In light of the ever-expanding role of digital technology in daily life, along with a string of recent high-profile cyberattacks, it is fitting that the Securities and Exchange Commission (“SEC”) has included cybersecurity risks on their 2021 regulatory agenda. The SEC last provided cybersecurity guidance in 2018, though critics argue that the 2018 Guidance was insufficient and merely reiterated the SEC’s formal guidance from 2011.  However, given recent executive-branch interest in cybersecurity issues, it is predicted that cybersecurity rules set forth in 2021 will offer more actionable and concrete protective measures for investors. 
As a vast swath of sensitive, personal data is shared in the digital space, and as businesses and the government rely increasingly on complex computing systems to maintain their operations, cyber risks have multiplied exponentially. Cyber attackers target sensitive personal data in an effort to compromise a business, a business’s clients, or the public at large, often while demanding a ransom.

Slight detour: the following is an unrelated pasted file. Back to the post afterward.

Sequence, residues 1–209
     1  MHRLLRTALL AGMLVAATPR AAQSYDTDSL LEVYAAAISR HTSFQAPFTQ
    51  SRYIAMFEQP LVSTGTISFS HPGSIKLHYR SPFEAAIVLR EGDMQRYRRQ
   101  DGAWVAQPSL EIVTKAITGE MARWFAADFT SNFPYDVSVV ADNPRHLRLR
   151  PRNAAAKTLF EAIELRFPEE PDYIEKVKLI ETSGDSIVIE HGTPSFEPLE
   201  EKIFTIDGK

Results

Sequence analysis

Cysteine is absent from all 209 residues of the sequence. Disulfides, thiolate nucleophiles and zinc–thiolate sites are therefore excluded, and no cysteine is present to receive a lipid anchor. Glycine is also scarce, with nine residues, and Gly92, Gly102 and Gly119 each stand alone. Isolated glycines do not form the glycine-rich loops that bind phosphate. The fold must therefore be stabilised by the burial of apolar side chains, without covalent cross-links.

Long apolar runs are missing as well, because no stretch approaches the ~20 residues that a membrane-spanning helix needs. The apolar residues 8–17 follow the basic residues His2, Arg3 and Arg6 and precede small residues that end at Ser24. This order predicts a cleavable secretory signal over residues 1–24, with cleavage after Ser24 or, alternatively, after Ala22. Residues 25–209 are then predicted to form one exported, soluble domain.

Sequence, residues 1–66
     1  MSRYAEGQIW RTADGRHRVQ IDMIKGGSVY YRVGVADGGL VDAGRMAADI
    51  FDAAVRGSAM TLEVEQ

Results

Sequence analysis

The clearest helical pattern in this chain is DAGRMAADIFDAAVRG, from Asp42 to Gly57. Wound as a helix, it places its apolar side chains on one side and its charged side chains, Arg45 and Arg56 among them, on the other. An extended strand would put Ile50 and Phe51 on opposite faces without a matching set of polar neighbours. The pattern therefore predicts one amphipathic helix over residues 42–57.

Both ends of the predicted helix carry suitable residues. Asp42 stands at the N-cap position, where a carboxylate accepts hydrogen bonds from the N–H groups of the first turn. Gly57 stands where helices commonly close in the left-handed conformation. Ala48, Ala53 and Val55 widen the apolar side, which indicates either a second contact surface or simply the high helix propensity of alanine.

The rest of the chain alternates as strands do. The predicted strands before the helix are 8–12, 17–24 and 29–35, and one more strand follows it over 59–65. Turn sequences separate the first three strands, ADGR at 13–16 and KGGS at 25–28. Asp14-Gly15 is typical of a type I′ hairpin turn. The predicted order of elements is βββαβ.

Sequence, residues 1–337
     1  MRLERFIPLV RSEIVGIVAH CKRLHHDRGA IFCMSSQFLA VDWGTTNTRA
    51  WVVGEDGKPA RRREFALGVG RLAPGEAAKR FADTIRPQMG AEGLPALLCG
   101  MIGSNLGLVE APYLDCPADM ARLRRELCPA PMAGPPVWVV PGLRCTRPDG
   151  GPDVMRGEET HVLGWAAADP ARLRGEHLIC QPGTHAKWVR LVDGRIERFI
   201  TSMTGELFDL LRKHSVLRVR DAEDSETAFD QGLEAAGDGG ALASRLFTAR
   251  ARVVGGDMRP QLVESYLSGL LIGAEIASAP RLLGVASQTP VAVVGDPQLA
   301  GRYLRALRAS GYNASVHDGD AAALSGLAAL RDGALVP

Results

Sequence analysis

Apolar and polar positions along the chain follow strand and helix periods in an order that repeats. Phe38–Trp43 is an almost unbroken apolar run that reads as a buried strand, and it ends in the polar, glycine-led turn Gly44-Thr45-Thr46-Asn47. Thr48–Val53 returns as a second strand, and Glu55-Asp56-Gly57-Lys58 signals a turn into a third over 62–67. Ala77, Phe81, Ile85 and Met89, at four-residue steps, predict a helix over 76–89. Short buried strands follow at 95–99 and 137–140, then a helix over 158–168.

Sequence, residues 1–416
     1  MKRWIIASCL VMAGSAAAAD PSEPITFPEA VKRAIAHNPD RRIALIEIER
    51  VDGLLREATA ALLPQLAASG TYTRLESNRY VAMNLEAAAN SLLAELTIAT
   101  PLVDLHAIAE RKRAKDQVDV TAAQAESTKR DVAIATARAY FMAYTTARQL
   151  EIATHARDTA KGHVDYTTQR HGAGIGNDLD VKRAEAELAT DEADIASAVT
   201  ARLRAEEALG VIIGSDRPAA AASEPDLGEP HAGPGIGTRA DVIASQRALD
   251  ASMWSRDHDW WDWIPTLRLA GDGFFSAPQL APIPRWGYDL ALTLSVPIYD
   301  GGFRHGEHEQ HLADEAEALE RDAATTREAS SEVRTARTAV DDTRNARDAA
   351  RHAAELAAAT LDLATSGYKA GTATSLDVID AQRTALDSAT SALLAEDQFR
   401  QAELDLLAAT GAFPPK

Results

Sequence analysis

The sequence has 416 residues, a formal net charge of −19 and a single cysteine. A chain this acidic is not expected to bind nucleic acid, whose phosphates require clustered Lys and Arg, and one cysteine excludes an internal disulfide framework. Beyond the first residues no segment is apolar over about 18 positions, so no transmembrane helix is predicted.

So far in 2021, numerous cyberattacks have taken place. Most notably, the Colonial Pipeline was hacked in May, resulting in gasoline shortages across the Southern United States, and in June, a cyberattack on a large meat manufacturer halted a quarter of all beef operations in the United States for two days.  Countless other large- and small-scale cyberattacks occur regularly, amplifying the need for investor protection from such future occurrences.